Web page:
- ItemEvaluating the impacts of legacy infrastructure and stranded assets on energy markets and utilities in low carbon energy systems(University College Cork, 2020) Hickey, Conor; O'Gallachoir, Brian; O'Brien, John; Environmental Protection Agency; Science Foundation IrelandThis thesis contributes improvements to the modelling methods and evidence base for developing low-carbon policy measures and investment strategy. Techno-economic energy system models are integrated into investment appraisal frameworks to support policy and investment analysis. Beginning with a review of the literature on stranded assets; risks to gas infrastructure, subsequent impacts on energy markets and methods of measuring stranded assets, particularly the impacts of stranded assets on corporate debt, are highlighted as areas for further research. Consequently, gas infrastructure is analysed in two parts and at a national and European level. The first part questions whether there is a role for a gas network in a low carbon energy system by analysing its expected utilisation and subsequent tariffs. Next, both gas-fired power plants and gas transmission networks are evaluated based on their impacts on the harmonisation objectives of energy markets in Europe in 2030. Finally, the utilities operating this infrastructure are assessed under a novel investment framework. This framework measures the financial capacity that utilities have to transition to European net zero carbon targets, by proxy of their credit rating. Concluding that in all instances the financial risks arising from these fossil fuel infrastructures and climate policy targets could be mitigated if timely prudent management of these assets was pursued.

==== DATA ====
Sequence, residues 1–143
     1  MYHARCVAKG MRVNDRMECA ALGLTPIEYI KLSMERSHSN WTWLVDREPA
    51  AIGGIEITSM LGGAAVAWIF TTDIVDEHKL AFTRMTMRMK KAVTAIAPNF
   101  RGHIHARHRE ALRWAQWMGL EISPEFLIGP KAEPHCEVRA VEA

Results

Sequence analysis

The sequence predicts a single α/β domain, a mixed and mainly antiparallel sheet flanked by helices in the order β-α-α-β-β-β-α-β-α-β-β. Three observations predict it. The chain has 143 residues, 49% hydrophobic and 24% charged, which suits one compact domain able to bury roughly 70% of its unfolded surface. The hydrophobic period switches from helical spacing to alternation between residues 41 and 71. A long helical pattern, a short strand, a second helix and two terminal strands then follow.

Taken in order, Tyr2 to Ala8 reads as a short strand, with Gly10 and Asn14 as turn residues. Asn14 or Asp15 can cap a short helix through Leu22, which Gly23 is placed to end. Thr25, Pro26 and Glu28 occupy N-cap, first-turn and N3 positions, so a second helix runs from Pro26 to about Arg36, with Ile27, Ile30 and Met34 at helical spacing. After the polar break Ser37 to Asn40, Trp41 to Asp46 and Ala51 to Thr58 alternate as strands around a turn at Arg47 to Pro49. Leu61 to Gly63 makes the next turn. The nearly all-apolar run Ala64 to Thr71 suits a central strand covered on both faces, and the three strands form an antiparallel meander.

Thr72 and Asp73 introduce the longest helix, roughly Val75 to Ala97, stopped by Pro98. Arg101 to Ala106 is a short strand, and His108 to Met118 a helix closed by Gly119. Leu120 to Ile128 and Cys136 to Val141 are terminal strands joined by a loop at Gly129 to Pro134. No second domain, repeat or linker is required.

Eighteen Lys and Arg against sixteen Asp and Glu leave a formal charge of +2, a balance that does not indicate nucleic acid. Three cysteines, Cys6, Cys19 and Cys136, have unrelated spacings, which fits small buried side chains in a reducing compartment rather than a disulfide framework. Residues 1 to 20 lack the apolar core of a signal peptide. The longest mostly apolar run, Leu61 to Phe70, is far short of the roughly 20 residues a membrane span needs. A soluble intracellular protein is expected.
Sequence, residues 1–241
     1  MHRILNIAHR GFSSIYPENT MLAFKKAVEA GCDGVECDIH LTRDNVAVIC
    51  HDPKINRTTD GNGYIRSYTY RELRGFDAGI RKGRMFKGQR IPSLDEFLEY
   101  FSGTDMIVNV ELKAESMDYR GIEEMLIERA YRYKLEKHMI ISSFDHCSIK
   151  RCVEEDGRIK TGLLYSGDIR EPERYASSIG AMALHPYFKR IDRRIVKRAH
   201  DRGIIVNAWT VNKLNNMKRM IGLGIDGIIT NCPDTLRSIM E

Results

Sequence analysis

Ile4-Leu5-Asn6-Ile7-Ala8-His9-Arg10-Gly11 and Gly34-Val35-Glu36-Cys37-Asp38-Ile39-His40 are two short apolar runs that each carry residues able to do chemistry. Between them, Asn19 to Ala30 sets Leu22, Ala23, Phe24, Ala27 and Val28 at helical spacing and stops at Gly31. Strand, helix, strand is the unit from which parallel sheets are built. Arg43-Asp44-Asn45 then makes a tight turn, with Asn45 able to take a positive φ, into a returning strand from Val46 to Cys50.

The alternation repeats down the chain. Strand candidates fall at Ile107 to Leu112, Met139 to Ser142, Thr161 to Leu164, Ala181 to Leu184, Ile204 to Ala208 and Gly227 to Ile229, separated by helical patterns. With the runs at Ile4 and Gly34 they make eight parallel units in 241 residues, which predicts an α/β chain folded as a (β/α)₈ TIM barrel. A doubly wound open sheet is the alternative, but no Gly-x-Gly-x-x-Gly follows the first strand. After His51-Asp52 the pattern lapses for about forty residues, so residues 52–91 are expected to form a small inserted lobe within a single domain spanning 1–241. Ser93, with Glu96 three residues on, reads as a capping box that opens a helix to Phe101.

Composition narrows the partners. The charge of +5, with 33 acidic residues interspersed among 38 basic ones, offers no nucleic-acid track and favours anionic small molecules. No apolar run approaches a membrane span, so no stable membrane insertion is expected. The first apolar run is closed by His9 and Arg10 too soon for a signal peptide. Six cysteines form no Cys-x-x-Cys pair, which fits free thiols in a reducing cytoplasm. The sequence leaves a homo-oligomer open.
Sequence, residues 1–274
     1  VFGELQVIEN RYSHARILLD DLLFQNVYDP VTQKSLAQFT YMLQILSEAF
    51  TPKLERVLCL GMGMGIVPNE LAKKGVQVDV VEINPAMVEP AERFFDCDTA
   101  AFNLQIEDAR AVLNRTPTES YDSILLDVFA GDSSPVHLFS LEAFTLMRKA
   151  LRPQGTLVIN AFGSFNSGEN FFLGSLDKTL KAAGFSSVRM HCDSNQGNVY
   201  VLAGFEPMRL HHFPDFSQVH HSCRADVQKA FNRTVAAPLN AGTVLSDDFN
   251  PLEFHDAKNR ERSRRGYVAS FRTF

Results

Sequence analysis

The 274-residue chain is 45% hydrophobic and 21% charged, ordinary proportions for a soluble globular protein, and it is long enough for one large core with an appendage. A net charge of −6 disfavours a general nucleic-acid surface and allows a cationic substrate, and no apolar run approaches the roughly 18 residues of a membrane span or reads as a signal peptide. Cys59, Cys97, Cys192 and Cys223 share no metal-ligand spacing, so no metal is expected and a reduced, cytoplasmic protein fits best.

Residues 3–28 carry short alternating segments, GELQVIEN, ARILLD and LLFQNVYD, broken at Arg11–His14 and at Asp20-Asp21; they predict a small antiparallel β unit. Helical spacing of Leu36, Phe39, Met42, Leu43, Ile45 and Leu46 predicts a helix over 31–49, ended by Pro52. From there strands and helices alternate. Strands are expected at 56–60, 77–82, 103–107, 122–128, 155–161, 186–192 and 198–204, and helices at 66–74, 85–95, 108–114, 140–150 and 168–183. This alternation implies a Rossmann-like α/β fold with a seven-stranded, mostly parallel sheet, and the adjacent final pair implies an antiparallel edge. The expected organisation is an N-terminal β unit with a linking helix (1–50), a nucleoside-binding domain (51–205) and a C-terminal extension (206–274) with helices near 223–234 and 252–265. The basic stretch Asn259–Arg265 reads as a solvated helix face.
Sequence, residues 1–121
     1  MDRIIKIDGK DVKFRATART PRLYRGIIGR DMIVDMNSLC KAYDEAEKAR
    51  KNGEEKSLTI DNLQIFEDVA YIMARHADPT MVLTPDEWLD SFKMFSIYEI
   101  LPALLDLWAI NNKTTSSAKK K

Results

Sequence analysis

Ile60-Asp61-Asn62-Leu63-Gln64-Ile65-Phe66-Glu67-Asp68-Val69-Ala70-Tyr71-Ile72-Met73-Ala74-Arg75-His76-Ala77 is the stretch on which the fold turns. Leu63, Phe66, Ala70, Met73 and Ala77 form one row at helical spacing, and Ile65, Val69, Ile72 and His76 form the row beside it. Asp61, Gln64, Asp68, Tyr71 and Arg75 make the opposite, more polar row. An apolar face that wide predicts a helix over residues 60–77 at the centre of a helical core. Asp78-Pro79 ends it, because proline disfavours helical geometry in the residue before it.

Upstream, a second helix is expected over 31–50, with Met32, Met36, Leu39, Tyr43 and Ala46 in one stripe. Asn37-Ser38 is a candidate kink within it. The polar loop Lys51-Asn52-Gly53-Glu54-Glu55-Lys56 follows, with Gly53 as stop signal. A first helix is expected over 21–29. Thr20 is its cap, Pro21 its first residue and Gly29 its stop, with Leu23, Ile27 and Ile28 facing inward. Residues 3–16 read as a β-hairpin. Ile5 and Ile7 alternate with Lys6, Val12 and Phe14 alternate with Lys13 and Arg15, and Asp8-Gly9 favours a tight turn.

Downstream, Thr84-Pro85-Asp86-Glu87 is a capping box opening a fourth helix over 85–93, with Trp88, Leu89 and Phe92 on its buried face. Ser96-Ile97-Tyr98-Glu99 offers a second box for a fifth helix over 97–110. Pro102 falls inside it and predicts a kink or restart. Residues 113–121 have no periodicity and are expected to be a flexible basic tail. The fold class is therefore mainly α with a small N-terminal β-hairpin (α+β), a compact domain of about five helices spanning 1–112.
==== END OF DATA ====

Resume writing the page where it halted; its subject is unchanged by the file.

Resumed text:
- ItemReflective capacity, auditors and professional scepticism: an empirical analysis(University College Cork, 2020-08) O'Sullivan Rochford, Claire P. R.; Donnelly, Raymond; Healy, MargaretProfessional scepticism (PS) can be described as an ability to question and critically assess evidence. The literature provides an established measure for trait scepticism but recognises a state component. A comprehensive measure encompassing both is timely. The study posits that including a capacity for Reflection is the key to unlocking state scepticism, thereby establishing a new Reflective Scepticism Scale (RSS), combining trait and state components. In addition, the study examines experience as a determinant of PS and contributes to this ongoing debate within the literature. Data is gathered from a survey of 392 professional Irish auditors, of all career grades from trainee to partner, to include all the largest audit firms. The new comprehensive RSS is designed and tested using Factor Analysis, while experience as a determinant of PS is assessed through a series of regression analyses. Clear evidence is provided that PS increases with experience and confirms that PS changes throughout an auditor’s career, which has implications for recruitment, training and regulation.